State schools

SC’s efforts to get schools across the state back on track

COLUMBIA, SC (WIS) – South Carolina’s Education Oversight Committee is encouraging the state to use sales tax revenue to get schools back on track after pandemic learning loss .

The committee made its recommendations Monday for funding the Education Improvement Act, from the one-cent state sales tax that specifically supports public education.

EOC executive director Matthew Ferguson said this year there was about an additional $90 million in EIA funding from this tax.

“South Carolina did a lot better than I think a lot of people expected. I think we all thought we were getting less funding during COVID, but that wasn’t really the case this year. last or this year,” Ferguson said.

The Education Oversight Committee recommends that the state prioritize three categories in the use of these sales tax revenues in the upcoming budget.

The first targets high-quality data to inform decisions, with recommendations to spend $3.5 million on education data dashboards, $3.2 million on PowerSchool upgrades, and $1 million on the development of a school quality survey.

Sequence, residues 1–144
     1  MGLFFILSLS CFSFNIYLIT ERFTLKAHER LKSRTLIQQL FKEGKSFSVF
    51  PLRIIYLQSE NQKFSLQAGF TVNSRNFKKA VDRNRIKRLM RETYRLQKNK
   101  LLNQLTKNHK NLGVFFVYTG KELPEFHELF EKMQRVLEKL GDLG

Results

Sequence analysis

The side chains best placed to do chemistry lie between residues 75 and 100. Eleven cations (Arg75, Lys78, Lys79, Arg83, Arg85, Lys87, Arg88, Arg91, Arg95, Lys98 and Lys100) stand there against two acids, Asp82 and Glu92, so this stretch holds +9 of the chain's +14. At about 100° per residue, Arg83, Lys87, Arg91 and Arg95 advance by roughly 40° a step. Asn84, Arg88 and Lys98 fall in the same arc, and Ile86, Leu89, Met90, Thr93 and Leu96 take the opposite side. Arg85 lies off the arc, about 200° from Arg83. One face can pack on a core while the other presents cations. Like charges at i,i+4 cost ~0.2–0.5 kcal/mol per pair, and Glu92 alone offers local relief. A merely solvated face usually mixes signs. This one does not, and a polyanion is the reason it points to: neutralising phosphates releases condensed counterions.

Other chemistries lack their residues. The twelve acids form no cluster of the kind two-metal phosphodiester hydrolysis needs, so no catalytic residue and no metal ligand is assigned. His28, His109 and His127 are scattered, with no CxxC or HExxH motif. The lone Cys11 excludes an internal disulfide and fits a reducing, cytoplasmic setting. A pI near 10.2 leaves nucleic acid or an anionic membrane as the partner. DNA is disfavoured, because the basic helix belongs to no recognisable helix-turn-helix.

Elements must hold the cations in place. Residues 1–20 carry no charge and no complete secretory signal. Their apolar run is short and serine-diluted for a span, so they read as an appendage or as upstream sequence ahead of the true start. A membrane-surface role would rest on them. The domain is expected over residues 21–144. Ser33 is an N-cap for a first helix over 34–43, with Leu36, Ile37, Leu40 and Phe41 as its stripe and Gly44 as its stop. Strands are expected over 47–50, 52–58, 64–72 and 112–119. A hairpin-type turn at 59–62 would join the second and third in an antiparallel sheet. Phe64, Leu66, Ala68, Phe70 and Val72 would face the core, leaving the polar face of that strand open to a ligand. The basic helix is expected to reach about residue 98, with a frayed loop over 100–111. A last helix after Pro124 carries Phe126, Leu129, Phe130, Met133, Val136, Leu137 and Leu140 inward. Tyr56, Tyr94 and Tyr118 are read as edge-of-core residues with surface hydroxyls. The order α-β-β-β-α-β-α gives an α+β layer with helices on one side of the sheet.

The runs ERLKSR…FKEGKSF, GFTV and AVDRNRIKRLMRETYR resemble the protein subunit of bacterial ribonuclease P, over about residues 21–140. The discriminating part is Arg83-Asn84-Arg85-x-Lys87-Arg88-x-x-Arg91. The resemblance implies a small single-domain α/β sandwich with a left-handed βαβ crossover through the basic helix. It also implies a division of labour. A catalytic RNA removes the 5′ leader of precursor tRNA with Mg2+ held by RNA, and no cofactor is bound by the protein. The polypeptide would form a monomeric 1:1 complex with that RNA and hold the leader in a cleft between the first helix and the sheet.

The second category focuses on high-quality teaching and materials for college and career readiness. Within this group are recommendations of $50 million for one-to-one and small-group tutoring, $33.2 million for charter schools, and $20 million for additional educational materials, among other recommended allocations.

The EOC’s final recommendations focus on developing high-quality teachers, with spending targeting recruitment and retention.

This includes $34 million to provide additional paid training days on teaching reading to teachers in the state’s worst-performing schools.

“To be identified as a Palmetto Literacy Project level 2 or 3 school, at least a third of your children do not meet the standard, and if you are level 3, then 50% of your children do not meet the standard. standard,” Ferguson mentioned. “So our hypothesis would be that most of these teachers would need extra support to get the kids up to speed.”

Less than half of middle and elementary school students in South Carolina are up to grade in math and reading, in the pandemic-disrupted third school year, according to the EOC.

These recommendations will then be sent to General Assembly leaders and the governor for consideration in the next state budget.

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